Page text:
Sunday, March 12, 2006

Pennypacker Mills, No. 2, Stumps and Roots

Root systems of trees fascinate me. And walking along the banks of Perkiomen Creek yesterday afternoon at Pennypacker Mills of Schwenksville, Pennsylvania gave me plenty of opportunity to marvel at this part of God's creation. It also demonstrates the power of flood water erosion over time and of the resilience of trees to such erosion.


Both the above and the below pictures are of the same tree. The first one above gives the larger perspective of the tree trunk's environs. Don't fail to note the naturally occurring reflections of the trees from the opposite side of the creek in the waters. The second one below is a close-up of the trunk and it roots reminding me in a strange sort of way of arachnids or intertwining octapi that might be on the move.



The above tree fascinates me because only a few roots seem to be supporting a relatively large trunk. It amazes me that it remains standing. The trunk and roots system below attracted me because of the effect of the sunlight shining on it and because the thought crossed my mind this could be a neat hiding place for a creature either human or otherwise.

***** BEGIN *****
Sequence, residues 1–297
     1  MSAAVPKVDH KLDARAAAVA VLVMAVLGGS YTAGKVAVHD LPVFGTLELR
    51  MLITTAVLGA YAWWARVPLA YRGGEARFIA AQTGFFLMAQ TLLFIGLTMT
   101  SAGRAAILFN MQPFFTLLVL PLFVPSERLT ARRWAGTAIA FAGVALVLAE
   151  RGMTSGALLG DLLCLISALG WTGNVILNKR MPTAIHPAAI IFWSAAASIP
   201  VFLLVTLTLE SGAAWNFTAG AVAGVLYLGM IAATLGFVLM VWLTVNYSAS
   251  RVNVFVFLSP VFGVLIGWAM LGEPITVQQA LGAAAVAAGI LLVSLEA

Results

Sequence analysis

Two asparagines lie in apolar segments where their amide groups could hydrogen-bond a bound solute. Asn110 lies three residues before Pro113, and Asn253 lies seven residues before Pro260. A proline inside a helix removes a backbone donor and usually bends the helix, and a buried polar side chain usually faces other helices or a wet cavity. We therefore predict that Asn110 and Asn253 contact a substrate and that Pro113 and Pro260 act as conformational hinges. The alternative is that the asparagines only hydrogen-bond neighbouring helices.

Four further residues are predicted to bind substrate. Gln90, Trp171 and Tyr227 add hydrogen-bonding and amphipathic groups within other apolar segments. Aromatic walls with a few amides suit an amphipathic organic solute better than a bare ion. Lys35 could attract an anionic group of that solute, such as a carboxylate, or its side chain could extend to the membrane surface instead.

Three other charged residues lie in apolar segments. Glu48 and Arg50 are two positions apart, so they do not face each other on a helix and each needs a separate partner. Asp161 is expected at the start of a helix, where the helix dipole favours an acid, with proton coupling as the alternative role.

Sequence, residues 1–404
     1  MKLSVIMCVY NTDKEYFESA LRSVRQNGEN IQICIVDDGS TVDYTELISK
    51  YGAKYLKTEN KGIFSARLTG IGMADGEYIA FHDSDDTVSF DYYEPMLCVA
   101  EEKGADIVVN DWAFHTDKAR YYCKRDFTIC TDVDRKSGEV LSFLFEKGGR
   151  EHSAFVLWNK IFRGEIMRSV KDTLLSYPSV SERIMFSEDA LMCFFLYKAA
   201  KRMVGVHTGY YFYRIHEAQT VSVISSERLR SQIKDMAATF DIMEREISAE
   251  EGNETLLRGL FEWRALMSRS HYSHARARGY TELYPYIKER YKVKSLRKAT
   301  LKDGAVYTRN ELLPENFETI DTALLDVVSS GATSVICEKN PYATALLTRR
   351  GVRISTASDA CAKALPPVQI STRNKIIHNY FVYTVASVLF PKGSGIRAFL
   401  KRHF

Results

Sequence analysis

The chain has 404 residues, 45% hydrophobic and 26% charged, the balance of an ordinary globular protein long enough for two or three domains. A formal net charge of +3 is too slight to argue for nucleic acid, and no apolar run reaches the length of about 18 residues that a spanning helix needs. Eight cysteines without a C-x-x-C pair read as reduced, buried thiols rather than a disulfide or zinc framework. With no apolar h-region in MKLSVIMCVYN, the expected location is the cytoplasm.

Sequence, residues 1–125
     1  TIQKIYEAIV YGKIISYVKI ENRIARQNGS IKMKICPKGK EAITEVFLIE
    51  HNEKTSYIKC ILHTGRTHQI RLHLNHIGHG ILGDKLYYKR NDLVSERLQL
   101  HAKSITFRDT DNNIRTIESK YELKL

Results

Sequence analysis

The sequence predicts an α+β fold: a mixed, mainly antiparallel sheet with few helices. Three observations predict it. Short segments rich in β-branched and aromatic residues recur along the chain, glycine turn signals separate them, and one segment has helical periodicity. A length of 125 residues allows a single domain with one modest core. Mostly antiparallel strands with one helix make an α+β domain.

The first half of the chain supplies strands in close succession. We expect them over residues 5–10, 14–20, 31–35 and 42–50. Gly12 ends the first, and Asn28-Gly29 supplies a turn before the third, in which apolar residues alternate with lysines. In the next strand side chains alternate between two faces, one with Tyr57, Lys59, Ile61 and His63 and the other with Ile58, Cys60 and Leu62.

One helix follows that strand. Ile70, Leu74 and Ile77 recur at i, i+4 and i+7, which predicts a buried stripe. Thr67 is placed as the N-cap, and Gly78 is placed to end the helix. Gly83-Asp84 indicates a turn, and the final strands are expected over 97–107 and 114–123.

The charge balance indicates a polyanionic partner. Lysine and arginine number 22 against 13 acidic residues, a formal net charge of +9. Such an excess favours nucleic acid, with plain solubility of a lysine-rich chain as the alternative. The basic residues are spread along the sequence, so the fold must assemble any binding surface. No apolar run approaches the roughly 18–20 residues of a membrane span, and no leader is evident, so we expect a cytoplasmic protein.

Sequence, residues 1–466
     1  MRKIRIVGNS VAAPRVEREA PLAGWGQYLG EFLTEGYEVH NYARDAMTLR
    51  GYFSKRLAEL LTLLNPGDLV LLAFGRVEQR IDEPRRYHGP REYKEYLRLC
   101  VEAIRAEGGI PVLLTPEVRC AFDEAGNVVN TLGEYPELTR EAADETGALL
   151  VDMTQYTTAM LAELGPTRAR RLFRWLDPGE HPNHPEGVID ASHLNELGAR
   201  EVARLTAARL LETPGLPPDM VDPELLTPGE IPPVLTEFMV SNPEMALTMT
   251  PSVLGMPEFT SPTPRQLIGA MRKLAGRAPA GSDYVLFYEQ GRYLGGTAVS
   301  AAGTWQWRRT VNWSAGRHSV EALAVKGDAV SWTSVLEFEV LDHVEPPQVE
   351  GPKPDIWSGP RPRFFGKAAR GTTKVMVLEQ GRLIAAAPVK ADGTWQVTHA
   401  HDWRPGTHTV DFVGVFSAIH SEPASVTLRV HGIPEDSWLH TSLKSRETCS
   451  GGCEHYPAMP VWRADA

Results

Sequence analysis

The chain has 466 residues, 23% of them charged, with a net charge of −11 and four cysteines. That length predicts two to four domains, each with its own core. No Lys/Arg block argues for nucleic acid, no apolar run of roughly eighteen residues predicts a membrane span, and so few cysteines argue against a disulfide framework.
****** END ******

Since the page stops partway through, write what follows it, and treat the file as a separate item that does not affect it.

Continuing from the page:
9 comments:

San Nakji said...

Roots have always fascinated me too. Sometimes they are creepy, but I am amazed by the power of trees. They are able to move concrete with their roots... Wow!

Pilgrim said...

It's amazing what we can withstand if we are firmly rooted and grounded. Makes me think about Truth.

Tim Rice said...

Hi, san nakji. Roots are amazing and vital to life in so many ways.

Thanks, pilgrim. You make a poignant statement.

Spider Girl said...

Those trees look like they could pick up their roots and walk away. Wild!

There is a kind of tree I saw in Africa, the baobab. They look like they're planted upside-down with their root systems in the air. Quite an interesting reversal.

Crystal said...

Those trees look like they're about to get up and walk! ;-) I always liked fantasy movies like Harry Potter and Lord of the Rings because nature is interpreted in such an interesting way.

Tim Rice said...

Hi, spider girl. Don't they though? Just pick up and walk away perhaps like in some fantasy literature. Thanks for your observation regarding the baobab tree. I've seen pictures. They are different.

Thanks, crystal, for coming by. There are so many ways we can look at or imagine nature. It's fun and sometimes scary in a fun way.

Ginnie said...

Oh my! Almost eerie--or maybe would be at night! The 2nd tree (3rd photo) is like a hand on the ground. Amazing.

Tim Rice said...

Hi, ginnie. It is amazing what nature and our minds can lead us to imagine. And I imagine that some spooky stories could originate from photos such as these. :)

tsduff said...

I like seeing that the trees are tenacious and can still live when their roots are deep. I have some very shallow-rooted trees (silver dollar eucalyptus) across the street and they threaten to fall into my yard and on my garage during the windstorms.